Liverpool player to watch: Joe Allen. Talking of Croats, Allen said he wanted to become as good a player as Luka Modric after being given the run-around in last week's World Cup qualifier when playing for Wales. He has some way to go to reach that standard, and further still to match the standards of Xavi and Andres Iniesta, to whom some of Liverpool's more pie-eyed fans have compared him, but Allen has undoubtedly settled well at his new club. It helps that he is working with a manager who has clear trust in him, but Allen already looks an Anfield perennial.
Key battle: Leighton Baines v Raheem Sterling. At 17, Sterling has become a key Liverpool player, so much so that he was rested for half the Europa League game with Anzhi. A first goal for the club against Reading embellished a burgeoning reputation, and he has also been praised by members of the England squad for the diligence and talent he showed in training when called up as an unused substitute against Ukraine. Baines will have been taking notes, though Sterling will also have recognised the Everton full-back's many qualities. Baines is a key supply line for Everton from the flank and one of Sterling's key jobs will be to pen him back. Rodgers clearly trusts him to do so, and speaks highly of Sterling's willingness to listen and dance to his tune.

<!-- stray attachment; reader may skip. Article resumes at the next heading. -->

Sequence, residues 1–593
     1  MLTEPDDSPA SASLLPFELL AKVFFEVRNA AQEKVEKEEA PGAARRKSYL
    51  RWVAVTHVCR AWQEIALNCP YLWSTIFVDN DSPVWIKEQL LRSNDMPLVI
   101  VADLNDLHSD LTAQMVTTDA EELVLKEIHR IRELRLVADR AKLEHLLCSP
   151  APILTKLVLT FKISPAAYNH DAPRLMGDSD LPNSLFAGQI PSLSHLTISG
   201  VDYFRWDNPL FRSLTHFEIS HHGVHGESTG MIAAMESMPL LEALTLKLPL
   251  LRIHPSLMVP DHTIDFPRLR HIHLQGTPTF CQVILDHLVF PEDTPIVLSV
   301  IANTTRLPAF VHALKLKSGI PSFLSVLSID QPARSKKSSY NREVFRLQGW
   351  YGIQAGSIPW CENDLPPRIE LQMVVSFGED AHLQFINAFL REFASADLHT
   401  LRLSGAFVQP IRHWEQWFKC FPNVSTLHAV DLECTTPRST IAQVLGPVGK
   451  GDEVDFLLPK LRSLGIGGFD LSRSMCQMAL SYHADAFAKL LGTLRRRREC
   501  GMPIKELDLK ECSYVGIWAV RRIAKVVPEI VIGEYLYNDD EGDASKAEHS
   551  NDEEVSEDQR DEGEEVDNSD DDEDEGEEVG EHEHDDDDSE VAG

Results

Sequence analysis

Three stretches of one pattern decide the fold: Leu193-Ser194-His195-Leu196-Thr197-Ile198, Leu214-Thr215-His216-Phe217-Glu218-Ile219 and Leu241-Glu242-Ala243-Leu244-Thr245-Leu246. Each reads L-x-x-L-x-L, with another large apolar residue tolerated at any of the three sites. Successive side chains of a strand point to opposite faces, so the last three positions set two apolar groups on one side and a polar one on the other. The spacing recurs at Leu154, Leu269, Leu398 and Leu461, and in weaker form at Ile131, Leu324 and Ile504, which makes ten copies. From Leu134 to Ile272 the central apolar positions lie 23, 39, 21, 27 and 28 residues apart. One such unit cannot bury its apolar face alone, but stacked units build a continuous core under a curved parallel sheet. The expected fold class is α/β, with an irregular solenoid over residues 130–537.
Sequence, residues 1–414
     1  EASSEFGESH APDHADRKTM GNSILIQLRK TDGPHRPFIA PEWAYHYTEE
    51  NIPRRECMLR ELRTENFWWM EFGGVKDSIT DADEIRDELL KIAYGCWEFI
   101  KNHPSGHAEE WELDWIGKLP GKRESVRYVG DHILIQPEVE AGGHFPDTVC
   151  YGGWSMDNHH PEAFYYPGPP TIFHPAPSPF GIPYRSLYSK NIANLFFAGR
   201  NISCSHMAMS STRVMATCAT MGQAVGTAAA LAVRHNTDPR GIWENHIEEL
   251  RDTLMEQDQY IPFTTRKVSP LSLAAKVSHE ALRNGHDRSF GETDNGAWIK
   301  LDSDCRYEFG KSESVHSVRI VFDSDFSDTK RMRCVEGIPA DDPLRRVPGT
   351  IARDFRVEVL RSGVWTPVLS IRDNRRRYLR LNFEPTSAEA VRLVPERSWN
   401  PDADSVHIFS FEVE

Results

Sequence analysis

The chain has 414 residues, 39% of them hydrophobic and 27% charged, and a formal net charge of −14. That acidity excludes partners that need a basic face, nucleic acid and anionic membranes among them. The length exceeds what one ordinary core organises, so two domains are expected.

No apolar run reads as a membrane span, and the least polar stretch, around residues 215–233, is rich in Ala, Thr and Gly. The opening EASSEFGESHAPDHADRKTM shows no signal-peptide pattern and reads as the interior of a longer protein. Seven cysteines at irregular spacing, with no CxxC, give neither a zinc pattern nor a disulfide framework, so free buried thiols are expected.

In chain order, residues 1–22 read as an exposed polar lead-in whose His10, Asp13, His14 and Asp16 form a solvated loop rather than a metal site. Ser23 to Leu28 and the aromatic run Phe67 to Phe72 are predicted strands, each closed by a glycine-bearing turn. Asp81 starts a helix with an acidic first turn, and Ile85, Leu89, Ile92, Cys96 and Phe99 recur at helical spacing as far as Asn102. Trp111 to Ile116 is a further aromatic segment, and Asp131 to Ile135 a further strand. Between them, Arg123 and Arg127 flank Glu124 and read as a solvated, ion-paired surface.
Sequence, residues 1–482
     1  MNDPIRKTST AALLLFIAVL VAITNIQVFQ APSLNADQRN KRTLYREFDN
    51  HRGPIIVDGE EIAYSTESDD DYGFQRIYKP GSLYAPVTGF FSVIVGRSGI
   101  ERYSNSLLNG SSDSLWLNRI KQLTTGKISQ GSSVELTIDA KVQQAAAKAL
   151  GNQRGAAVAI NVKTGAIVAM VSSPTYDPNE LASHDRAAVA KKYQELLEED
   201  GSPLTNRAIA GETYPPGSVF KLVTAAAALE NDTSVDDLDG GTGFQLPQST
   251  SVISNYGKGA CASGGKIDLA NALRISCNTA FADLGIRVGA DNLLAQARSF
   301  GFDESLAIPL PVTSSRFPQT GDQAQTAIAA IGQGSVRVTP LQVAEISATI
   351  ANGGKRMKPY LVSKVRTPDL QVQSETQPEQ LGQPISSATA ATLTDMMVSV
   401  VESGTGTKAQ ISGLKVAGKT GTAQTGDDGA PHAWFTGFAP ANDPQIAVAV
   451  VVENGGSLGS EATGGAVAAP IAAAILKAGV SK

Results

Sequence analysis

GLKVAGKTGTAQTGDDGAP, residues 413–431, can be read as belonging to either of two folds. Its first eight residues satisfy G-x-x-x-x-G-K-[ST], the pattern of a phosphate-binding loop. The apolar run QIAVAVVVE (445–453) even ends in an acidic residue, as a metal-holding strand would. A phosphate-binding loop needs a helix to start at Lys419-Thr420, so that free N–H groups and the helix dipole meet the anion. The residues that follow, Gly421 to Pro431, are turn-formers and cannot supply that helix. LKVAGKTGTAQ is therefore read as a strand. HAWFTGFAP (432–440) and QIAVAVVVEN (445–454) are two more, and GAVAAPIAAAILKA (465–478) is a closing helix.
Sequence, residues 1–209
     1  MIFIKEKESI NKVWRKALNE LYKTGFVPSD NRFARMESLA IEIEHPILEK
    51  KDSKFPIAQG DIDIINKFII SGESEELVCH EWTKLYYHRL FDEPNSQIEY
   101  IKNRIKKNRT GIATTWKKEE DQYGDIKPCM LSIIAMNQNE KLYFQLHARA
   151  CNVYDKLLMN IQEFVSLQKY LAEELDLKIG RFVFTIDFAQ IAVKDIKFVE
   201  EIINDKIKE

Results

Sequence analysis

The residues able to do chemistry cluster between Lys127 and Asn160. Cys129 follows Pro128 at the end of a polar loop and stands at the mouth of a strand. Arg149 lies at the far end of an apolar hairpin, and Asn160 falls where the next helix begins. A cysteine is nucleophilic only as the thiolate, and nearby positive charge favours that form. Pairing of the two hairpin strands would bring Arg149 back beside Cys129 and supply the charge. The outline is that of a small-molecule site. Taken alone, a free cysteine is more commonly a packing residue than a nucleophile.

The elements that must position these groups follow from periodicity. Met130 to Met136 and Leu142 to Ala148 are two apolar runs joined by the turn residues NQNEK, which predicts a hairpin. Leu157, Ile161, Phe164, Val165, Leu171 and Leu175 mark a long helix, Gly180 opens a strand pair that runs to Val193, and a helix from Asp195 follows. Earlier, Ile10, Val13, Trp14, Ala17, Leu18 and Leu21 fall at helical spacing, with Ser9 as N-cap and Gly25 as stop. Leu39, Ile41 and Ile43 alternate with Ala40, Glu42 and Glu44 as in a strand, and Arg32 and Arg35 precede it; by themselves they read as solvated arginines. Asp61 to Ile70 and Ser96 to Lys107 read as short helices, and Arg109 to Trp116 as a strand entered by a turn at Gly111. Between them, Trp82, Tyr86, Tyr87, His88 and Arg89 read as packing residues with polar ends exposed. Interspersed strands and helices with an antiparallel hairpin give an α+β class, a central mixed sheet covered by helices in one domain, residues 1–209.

Trivia: Only two players have scored in this fixture for both clubs, if we do not include Sandy Brown's infamous own goal in 1969-70. David Johnson scored for Everton in 1971 before then going on to play for Liverpool via Ipswich Town. He scored twice for Liverpool in this fixture, the last coming in March 1980. Peter Beardsley repeated the feat when scoring for Everton in December 1992.
Stats: A clean sheet is vital for Moyes' team to secure victory. All four of Moyes' victories against Liverpool have come when the Reds have failed to score.
Odds: Everton are slight favourites at 2.60 at bet365, with Liverpool at 2.75 and the draw at 3.30. A 1-0 Everton win is available at 9.00, while a 1-0 Liverpool win is 9.50.
Prediction: Another win for Everton's bogey team.
Follow John Brewin on Twitter @JohnBrewinESPN